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U.S. Grad Students Find 'Suspicious' Russian Stock Trading Before Crimea Takeover

  • Carl Schreck

Russian President Vladimir Putin on March 18, 2014, addresses the Federal Assembly, including State Duma deputies, members of the Federation Council, regional governors, and civil society representatives on the annexation of Ukraine's Crimea region.

Russian President Vladimir Putin on March 18, 2014, addresses the Federal Assembly, including State Duma deputies, members of the Federation Council, regional governors, and civil society representatives on the annexation of Ukraine's Crimea region.

WASHINGTON -- It was a Saturday when Russia’s upper house of parliament authorized President Vladimir Putin to dispatch troops to Ukraine.

When trading opened two days later on March 3, 2014, the Russian stock market plunged more than 10 percent.

Russia’s sharp shift toward military confrontation, which paved the way for its annexation of Ukraine’s Crimea territory, appeared to have caught many investors off guard.

But suspicious trading prior to Putin's green light for intervention suggests insiders knew something was afoot, according to research by two U.S.-based doctoral students.

“I cannot say that there was insider trading for sure on the Russian stock market before, but something really, really suspicious was going on,” Yekaterina Volkova, a doctoral student specializing in finance at Cornell University in New York, told RFE/RL.

In a working paper, Volkova and co-author Felipe Silva investigate how "informed traders" acting on information not known to the public may have dumped their Russian stocks before the market tumbled over fears of a military conflict between Russia and Ukraine.

Using an algorithm known as Volume-Synchronized Probability of Informed Trading (VPIN), which measures "volume imbalance and trade intensity" to determine the portion of “informed traders” on the market for a specific security. What they concluded was that the suspicious trading spiked two trading days prior to the market plunge.

"Evidently there were people on the market trading on...political news before it became widely known," Volkova wrote in a February 24 op-ed for the respected Russian business daily Vedomosti.

The VPIN algorithm was developed by two respected U.S. economists and a quantitative research expert who demonstrated how spikes in the metric can foreshadow market crashes, including the 2010 "flash crash" on U.S. stock markets.

In a column about the research by Volkova and Silva, Russian political commentator Leonid Bershidsky suggested the metric could be employed to help gauge Putin’s future actions in the Ukraine crisis "if combined with some basic knowledge of regional news."

"If it increases during a round of peace talks, for example, it could mean Russia is serious about making an eastern Ukraine cease-fire stick," the Berlin-based Bershidsky wrote this week for Bloomberg View.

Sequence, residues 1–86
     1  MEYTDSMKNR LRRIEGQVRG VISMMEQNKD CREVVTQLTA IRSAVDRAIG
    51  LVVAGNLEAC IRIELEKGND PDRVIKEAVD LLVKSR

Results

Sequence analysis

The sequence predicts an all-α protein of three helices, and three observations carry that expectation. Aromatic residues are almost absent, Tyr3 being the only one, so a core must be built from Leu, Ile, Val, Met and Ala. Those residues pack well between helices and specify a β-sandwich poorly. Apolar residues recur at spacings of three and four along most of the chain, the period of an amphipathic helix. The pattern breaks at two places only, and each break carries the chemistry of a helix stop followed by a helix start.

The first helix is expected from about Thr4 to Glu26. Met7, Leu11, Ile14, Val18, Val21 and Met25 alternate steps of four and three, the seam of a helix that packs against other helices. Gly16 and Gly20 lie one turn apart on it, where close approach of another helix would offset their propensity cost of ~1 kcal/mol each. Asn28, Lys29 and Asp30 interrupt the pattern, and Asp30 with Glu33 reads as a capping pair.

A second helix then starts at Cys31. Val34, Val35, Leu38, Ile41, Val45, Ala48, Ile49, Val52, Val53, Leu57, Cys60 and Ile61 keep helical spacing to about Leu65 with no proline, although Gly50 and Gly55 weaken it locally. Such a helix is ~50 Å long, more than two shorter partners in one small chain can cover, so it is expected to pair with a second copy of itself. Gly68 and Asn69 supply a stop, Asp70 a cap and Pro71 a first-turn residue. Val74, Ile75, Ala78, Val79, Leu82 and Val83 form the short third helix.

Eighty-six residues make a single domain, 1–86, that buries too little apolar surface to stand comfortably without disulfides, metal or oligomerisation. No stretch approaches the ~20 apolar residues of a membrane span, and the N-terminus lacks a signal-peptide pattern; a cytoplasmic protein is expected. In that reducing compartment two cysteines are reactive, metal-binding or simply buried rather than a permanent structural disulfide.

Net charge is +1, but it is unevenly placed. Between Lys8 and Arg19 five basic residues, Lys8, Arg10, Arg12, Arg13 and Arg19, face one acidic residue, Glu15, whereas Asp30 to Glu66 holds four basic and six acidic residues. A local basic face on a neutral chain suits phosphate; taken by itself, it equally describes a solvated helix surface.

'Unusually High Activity'

Volkova and Silva calculated the VPIN for Russia’s dollar-denominated RTS index, based on the prices of the 50 most liquid Russian stocks, from January 14, 2014, until March 15, 2014. During that period, the metric jumped to suspiciously high levels on February 27 and February 28, the last two trading days before the crash.

Tensions between Russia and Ukraine were undoubtedly high during those two days. Putin that week had called for snap military drills in western Russia, and armed men -- who were later revealed to be Russian soldiers -- seized government buildings in Crimea.

But if large swaths of investors were expecting a Russian takeover of the Ukrainian peninsula, the markets didn’t show it, Volkova says.

"There were no severe drops on the stock market...before March 1," when lawmakers granted Putin’s request to authorize sending Russian troops to Ukraine, she told RFE/RL.

The data during this two-day period, however, does show "unusually high activity of informed traders who would profit [or avoid losses]" from the Crimean crisis, Volkova and Silva write.

Volkova, a 25-year-old Moscow native, is quick to note that the research does not definitively assert that criminal insider trading was taking place on the Russian stock market prior to Russia's push to take over Crimea. The "informed" investors who profited, according to the data, may have simply acted on better data.

It is also unclear exactly who these prescient investors were. "Not all insiders or people who have information have to report their sales," Volkova told RFE/RL.

There was, however, at least one prominent Russian insider who was required by law to disclose a timely stock sale in the run-up to the Crimea crisis: Viktor Zubkov, chairman of Russia's state-owned energy giant Gazprom.

Zubkov sold his entire stake in the company for 34.5 million rubles on February 11, 2014, a profit of some 4.5 million rubles, or around $129,000 at the time.

When the Russian market plummeted weeks later after Putin secured approval to send troops to Ukraine, Gazprom's stock price fell nearly 14 percent.

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